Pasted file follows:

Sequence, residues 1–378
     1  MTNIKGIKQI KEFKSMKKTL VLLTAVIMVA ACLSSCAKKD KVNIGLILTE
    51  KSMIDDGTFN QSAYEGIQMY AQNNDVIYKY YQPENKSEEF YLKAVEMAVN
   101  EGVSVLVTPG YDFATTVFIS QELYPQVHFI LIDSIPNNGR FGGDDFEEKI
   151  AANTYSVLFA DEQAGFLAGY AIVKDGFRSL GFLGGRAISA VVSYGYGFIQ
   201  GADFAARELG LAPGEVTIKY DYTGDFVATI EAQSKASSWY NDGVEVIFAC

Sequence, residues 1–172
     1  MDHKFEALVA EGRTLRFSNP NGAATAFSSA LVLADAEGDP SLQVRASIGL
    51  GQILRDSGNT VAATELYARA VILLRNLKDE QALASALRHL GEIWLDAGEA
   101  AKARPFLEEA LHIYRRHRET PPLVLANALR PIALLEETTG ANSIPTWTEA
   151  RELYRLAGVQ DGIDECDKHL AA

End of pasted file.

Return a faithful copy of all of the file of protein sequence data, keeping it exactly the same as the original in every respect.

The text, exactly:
Sequence, residues 1–378
     1  MTNIKGIKQI KEFKSMKKTL VLLTAVIMVA ACLSSCAKKD KVNIGLILTE
    51  KSMIDDGTFN QSAYEGIQMY AQNNDVIYKY YQPENKSEEF YLKAVEMAVN
   101  EGVSVLVTPG YDFATTVFIS QELYPQVHFI LIDSIPNNGR FGGDDFEEKI
   151  AANTYSVLFA DEQAGFLAGY AIVKDGFRSL GFLGGRAISA VVSYGYGFIQ
   201  GADFAARELG LAPGEVTIKY DYTGDFVATI EAQSKASSWY NDGVEVIFAC

Sequence, residues 1–172
     1  MDHKFEALVA EGRTLRFSNP NGAATAFSSA LVLADAEGDP SLQVRASIGL
    51  GQILRDSGNT VAATELYARA VILLRNLKDE QALASALRHL GEIWLDAGEA
   101  AKARPFLEEA LHIYRRHRET PPLVLANALR PIALLEETTG ANSIPTWTEA
   151  RELYRLAGVQ DGIDECDKHL AA